Shaken baby syndrome is a form of child abuse that exhibits no external sign of injury. A recent study by Starling, Holden, and Jenny (1995) indicated that approximately 3 0% of the perpetrators were nonparental child caregivers. The purpose of this study was to determine if there were differences in the knowledge level of shaken baby syndrome among adolescent babysitters before and after an educational intervention. The nursing theory. Modeling and Role-Modeling, was used to guide this study. Data were collected from a convenience and network sample consisting of 21 adolescents aged 12 to 17 years who reside in suburban north central Alabama. Participants answered the Shaken Baby Syndrome Questionnaire as a pretest. An educational intervention was provided on shaken baby syndrome and development of infants and toddlers. The Shaken Baby Syndrome Questionnaire was utilized as a posttest 3 weeks later. Data analysis was based on three categories in the Shaken Baby Syndrome Questionnaire: knowledge of shaken baby syndrome, areas of concern regarding shaken baby syndrome, and development of the infant and toddler. Data analysis included h test, frequency distributions, and measures of central tendency. Data revealed an improvement in general knowledge of shaken baby syndrome and a decrease in incorrect responses in areas of concern. Participants did not decrease the number of incorrect responses to the question dealing with developmental issues. Findings from this study suggested that general knowledge was statistically significant (p = .006) with educational intervention. Advanced practice nurses may use the results of this study to guide educational programs directed toward adolescent babysitters, day-care workers, and parents. Further research with a larger, more diverse sample is indicated.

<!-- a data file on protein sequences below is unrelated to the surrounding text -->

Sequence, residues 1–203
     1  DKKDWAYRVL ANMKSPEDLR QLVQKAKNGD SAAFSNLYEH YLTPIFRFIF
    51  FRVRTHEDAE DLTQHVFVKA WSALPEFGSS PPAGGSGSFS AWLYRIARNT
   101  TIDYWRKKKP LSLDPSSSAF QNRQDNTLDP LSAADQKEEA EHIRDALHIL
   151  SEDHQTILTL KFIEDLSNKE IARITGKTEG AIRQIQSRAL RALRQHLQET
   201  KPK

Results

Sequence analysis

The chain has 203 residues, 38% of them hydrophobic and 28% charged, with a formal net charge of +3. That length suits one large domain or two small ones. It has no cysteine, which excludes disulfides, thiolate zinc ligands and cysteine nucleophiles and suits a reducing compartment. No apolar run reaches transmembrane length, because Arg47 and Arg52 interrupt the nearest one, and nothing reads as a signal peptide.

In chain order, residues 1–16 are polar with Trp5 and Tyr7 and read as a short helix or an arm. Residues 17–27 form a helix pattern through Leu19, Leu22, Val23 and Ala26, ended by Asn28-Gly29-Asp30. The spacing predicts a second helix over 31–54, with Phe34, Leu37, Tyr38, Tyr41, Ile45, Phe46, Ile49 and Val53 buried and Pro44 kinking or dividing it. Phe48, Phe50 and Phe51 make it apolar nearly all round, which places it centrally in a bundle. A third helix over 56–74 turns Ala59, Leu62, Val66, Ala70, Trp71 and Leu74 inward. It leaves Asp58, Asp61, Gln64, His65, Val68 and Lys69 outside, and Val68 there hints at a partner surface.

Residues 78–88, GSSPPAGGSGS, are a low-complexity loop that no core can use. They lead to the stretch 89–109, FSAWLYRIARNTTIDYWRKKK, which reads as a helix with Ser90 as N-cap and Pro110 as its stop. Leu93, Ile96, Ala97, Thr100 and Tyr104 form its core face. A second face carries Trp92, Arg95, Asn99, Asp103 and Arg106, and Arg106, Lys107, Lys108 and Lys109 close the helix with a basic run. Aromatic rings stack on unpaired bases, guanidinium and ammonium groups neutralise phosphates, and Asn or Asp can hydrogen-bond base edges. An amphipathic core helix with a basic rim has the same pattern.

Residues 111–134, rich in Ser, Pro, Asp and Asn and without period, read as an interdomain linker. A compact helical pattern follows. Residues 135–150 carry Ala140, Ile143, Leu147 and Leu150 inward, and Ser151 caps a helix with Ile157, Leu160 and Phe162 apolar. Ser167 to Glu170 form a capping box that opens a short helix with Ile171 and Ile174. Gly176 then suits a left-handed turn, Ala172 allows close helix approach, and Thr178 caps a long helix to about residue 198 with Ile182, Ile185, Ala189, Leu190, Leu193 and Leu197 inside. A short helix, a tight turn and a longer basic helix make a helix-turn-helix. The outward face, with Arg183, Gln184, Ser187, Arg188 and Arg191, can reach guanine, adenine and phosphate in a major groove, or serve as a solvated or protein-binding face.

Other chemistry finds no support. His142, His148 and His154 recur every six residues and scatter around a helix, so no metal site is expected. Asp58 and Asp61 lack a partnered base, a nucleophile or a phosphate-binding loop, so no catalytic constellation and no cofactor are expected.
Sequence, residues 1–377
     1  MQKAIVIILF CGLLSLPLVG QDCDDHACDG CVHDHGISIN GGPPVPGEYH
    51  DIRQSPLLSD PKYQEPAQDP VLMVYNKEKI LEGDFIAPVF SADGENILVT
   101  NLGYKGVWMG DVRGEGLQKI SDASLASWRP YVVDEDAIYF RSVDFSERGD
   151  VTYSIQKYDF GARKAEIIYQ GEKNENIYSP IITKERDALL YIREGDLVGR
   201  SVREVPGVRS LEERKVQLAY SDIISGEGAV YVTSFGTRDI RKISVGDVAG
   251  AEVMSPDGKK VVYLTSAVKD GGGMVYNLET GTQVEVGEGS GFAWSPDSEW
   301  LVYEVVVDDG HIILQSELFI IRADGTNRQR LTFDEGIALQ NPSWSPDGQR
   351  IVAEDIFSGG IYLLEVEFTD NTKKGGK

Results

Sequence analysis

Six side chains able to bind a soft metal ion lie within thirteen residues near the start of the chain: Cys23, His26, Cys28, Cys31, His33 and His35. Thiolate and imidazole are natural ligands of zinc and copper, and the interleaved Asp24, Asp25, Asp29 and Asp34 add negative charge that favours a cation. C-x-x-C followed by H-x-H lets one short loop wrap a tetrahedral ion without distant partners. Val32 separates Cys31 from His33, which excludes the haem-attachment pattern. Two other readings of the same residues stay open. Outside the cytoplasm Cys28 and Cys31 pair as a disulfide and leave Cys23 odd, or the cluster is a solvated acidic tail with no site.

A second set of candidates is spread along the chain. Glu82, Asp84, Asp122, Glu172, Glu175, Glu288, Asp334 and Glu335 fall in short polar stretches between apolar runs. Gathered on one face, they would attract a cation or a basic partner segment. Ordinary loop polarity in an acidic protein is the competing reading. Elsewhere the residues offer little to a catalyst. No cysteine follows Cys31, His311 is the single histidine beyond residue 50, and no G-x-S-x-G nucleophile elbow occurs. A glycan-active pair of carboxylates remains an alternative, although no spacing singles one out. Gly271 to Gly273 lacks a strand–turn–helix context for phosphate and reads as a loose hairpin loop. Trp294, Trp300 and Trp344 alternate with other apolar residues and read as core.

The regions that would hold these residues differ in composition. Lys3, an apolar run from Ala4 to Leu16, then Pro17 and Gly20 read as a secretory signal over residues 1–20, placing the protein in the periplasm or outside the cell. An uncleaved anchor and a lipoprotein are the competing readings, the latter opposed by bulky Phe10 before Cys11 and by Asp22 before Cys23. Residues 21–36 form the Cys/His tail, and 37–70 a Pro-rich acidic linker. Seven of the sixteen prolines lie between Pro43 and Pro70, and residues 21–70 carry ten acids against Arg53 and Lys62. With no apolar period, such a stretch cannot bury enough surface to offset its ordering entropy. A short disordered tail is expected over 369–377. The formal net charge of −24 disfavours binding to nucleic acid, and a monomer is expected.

Master of Science in Nursing (MSN)


Graduate Nursing

Degree Date


Publication Number


First Advisor

Dr. Patricia E. Smyth

Second Advisor

Sheila Adams

Third Advisor

Lorraine Hamm

Document Type


Included in

Nursing Commons